The need for different poster sizes has increased along with the popularity of movie posters. The one sheet, which is typically 27″ x 41,” is the first and most popular type of poster. The subway, also referred to as the two sheet, is bigger than the one sheet but not quite twice as big. The size of the 3 sheet, which is 41″ x 81,” is three times that of the 1 sheet. The one sheet measures 81″ by 81″ and the six sheet is six times that size. Moreover, there is a 24 sheet that is enormous in size, spanning 246″ by 108,” and a 12 sheet that is almost twelve times the size of a one sheet. Additional sizes include the stock sheet used for cartoons or other short films, which is often much smaller than the one sheet and is available in a number of sizes.
When determining a poster’s worth, as with all collectibles, condition is an important consideration. Demand, rarity, and condition all have a role in a movie poster’s price. The same grading scale used by comic book collectors is utilised by poster collectors: mint (perfect), near mint, very good, good, fair, and poor.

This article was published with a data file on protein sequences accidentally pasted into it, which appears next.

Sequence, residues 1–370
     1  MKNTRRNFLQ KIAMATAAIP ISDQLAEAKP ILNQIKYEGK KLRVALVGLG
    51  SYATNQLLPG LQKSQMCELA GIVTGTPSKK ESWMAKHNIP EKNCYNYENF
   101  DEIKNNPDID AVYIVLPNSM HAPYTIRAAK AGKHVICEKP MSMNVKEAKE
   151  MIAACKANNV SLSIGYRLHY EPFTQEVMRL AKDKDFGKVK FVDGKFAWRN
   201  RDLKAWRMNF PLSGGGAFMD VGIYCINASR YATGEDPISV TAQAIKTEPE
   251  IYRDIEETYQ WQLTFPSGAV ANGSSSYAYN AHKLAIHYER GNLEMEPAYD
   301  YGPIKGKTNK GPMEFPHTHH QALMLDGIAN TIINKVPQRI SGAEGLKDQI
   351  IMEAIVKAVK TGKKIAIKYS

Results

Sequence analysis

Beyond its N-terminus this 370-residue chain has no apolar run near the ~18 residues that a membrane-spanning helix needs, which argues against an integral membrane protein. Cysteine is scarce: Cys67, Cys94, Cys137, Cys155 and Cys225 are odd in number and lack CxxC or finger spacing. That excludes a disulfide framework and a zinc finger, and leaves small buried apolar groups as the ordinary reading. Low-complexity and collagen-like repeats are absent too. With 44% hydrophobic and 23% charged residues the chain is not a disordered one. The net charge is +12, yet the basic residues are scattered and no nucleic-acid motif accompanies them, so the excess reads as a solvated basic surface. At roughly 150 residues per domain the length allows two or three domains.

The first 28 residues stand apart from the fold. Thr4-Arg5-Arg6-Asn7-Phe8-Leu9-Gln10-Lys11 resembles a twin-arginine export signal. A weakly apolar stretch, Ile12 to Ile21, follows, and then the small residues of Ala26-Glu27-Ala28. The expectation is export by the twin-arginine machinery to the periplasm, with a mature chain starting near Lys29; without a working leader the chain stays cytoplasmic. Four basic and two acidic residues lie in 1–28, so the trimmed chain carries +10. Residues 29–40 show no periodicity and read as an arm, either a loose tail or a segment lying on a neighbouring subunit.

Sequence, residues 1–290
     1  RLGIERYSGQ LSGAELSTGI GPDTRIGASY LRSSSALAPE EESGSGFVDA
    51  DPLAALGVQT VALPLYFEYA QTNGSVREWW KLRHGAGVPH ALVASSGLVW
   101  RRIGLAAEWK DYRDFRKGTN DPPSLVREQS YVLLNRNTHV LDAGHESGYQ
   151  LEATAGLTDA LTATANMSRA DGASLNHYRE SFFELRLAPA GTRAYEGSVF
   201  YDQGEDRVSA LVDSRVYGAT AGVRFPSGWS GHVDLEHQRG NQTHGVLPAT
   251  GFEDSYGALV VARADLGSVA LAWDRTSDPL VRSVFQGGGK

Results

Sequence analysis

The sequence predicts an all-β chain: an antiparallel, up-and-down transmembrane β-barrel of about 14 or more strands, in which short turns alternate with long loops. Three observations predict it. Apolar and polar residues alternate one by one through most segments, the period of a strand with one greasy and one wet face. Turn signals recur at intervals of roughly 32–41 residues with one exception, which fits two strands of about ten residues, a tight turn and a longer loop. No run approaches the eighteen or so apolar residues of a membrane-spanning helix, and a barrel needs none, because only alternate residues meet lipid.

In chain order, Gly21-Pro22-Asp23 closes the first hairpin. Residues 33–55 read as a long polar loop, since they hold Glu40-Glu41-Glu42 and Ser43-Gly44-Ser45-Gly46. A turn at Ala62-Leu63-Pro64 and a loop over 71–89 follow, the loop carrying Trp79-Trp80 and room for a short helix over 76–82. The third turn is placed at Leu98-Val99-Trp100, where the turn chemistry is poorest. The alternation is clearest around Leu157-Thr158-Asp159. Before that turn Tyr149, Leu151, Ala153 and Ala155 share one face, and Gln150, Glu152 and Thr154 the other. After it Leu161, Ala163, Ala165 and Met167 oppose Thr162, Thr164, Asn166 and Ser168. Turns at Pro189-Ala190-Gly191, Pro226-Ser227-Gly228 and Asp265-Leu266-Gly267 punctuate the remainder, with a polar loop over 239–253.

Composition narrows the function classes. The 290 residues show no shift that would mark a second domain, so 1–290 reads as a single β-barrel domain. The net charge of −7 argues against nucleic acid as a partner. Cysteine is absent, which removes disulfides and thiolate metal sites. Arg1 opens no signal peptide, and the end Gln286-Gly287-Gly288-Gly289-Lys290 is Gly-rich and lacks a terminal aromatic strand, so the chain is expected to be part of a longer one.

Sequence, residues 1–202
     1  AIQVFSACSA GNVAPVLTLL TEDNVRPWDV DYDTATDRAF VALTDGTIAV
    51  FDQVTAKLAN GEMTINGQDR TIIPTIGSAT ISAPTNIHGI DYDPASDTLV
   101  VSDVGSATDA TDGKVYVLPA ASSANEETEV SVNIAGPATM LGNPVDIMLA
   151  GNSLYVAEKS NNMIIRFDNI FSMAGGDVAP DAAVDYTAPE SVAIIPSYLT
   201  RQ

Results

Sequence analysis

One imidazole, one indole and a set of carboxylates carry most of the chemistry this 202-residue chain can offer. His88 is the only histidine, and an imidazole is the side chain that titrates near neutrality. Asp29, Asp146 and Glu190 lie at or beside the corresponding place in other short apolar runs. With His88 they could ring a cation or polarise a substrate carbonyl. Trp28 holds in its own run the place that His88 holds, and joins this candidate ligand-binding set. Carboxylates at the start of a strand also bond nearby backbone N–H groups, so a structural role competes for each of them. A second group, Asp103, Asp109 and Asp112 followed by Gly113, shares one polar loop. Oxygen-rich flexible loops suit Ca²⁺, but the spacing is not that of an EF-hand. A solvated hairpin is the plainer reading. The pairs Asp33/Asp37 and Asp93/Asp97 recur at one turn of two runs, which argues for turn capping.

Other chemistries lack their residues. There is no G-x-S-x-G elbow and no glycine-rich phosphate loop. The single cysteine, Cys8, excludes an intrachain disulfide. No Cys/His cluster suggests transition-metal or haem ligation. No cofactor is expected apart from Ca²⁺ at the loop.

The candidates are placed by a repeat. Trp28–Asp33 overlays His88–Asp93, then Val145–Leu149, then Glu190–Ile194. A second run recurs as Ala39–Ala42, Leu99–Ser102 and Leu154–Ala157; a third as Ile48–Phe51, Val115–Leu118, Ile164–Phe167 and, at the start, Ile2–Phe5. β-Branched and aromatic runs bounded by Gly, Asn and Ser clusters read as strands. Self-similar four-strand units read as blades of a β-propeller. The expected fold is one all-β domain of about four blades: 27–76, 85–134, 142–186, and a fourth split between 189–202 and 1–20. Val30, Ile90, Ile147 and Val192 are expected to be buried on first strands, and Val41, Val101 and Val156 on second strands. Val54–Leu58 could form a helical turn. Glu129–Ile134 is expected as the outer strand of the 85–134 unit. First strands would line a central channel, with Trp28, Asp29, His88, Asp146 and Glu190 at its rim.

You must be knowledgeable about caring after your movie poster art if you plan to be a serious movie poster collector.
How to keep movie posters’ full collectible value
Never change a poster’s appearance. Even when hanging it on the wall, avoid folding, bending, tearing, or punching holes in it.
Avoid putting a movie poster in the sun’s direct rays. UV lighting may also be dangerous.
Never write anything on your poster, not on the back. Sometimes, marks on the back are visible from the opposite side, diminishing the value of the poster.
Never use tape to fix tears on the front of a poster. If you do use tape, make sure it’s acid-free tape from an art supply store and stick it to the back. Send costly movie art to an expert for restoration. Similar to how expensive comic books are expertly restored, posters may also be restored.
Use sturdy poster tubes or bubble envelopes when sending posters.
Put the poster in a frame, a plastic bag, or a tube for long-term storage, and store it somewhere cold and dry.
Choose an acid-free backing board when framing a poster and avoid dry mounting it.